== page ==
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We needed accommodation as it was a week after our arrival in London.
An early trip in the Kombi was to the Newmarket races to attend an Air New Zealand-sponsored meeting with the late chairman Bob Owens, of Tauranga. We parked in the members' car park with the Rolls-Royces, which embarrassed a few officials.
Next was the 1982 New Zealand Maori tour of Wales, during which a convoy of 30-50 campervans (mostly Kombis) followed the team and enjoyed the Welsh hospitality. I have some great memories of car parks outside rugby clubs crammed with Kombis and vans enjoying the facilities the Welsh had opened up for their New Zealand friends.
We moved on to Europe to find work in an Austrian ski resort, which proved a very cold trip. I did not know the heat exchangers had been removed. We parked up there for the winter as it was a little scary to drive on icy roads.
Roll on April 1983, and we were off on an excursion south through Italy to Brindisi and then Corfu. I was required to have a stamp in my passport to say that when I left Greece I would be taking my Kombi out with me. A few people may have tried to sell their vehicles, which was against the law. What followed was a month in convoy with two other Kombis driving around the Peloponnese peninsula, doing free-camping.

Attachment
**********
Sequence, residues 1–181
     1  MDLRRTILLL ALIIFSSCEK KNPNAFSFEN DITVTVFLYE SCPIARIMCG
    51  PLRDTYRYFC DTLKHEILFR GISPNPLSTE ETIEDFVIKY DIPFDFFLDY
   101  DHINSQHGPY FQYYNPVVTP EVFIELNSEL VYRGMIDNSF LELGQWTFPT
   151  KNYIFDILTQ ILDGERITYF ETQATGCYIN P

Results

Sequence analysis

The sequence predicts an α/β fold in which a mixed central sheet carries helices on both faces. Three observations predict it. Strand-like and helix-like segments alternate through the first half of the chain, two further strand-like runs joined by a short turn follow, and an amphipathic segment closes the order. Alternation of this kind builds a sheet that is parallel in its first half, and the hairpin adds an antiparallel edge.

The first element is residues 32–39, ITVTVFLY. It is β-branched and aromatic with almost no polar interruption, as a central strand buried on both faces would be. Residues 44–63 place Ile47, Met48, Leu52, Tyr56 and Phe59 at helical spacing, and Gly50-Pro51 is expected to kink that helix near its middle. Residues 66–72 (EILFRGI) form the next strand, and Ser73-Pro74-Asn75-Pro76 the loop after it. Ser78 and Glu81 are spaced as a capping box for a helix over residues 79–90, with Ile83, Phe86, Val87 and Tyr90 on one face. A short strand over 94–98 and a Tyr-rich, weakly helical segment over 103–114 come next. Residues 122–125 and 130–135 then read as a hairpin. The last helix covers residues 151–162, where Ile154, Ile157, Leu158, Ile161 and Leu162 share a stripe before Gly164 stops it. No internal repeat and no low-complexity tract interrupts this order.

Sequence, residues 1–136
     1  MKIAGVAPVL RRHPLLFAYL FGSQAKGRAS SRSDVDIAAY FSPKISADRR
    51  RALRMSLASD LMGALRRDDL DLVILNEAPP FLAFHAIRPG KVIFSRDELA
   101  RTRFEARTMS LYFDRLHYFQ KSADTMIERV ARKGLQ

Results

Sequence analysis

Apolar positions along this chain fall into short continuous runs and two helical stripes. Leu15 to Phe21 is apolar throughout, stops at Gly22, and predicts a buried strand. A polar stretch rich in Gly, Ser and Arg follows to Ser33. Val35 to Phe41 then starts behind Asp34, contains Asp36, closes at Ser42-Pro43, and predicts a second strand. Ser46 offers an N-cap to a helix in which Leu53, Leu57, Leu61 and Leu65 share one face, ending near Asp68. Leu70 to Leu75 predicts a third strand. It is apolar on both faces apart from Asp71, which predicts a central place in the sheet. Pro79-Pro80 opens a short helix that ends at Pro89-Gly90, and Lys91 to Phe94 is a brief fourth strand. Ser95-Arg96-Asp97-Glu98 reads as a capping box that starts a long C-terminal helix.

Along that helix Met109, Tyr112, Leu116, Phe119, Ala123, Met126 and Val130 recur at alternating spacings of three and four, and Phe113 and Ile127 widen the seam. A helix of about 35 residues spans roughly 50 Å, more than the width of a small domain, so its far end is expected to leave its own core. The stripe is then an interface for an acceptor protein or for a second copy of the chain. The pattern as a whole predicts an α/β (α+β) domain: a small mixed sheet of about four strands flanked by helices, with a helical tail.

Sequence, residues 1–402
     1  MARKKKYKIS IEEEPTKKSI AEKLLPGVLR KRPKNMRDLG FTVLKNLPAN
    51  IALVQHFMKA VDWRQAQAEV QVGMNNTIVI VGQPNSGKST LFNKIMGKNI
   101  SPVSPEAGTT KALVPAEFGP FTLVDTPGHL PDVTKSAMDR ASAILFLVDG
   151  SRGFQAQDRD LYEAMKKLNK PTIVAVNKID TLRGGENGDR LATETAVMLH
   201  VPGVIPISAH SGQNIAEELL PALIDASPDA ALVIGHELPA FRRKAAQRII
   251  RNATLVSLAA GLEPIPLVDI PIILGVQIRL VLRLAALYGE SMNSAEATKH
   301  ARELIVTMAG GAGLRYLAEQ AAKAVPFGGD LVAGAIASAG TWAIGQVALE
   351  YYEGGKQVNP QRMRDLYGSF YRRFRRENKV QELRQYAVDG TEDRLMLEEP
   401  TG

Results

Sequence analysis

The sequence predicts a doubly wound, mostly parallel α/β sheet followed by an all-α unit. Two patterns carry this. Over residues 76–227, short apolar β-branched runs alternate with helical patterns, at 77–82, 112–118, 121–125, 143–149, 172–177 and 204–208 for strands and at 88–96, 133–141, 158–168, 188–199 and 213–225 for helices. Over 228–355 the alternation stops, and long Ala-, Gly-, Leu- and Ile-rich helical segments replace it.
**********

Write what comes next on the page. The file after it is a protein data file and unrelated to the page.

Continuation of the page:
We arrived back in northern Greece before our first major breakdown. The rocker covers had rusted through so we covered them with Araldite and sat in a tavern while our repairs dried. We rolled on to Yugoslavia (where petrol coupons were needed) and the Dubrovnik coast. It proved an interesting country and mixture of people, on the verge of the ethnic war that was to follow in the 1990s.
We travelled back through Austria in summer and back to London via Germany, France and Belgium to find work. Summer was spent working in a Cornwall caravan park with some time hop-picking in Kent.
More travelling around the UK, to the top of Scotland followed, then back to Austria for another winter working, domiciled in Kitzbuhul, Tyrol. After more travel on the way back to England in spring, we decided to sell the Kombi back at Hungerford Bridge where it all started.
We had bought the Kombi from some Australians in 1982 for 900 and sold it two years later for 800 to some more Australians.
It's a small world though. Later in Munich for Oktoberfest, I recognised the old Kombi being driven into Thalkirchen campsite by an old friend from Tauranga.
• Dave Honeyfield has been living in Dunedin since 1991.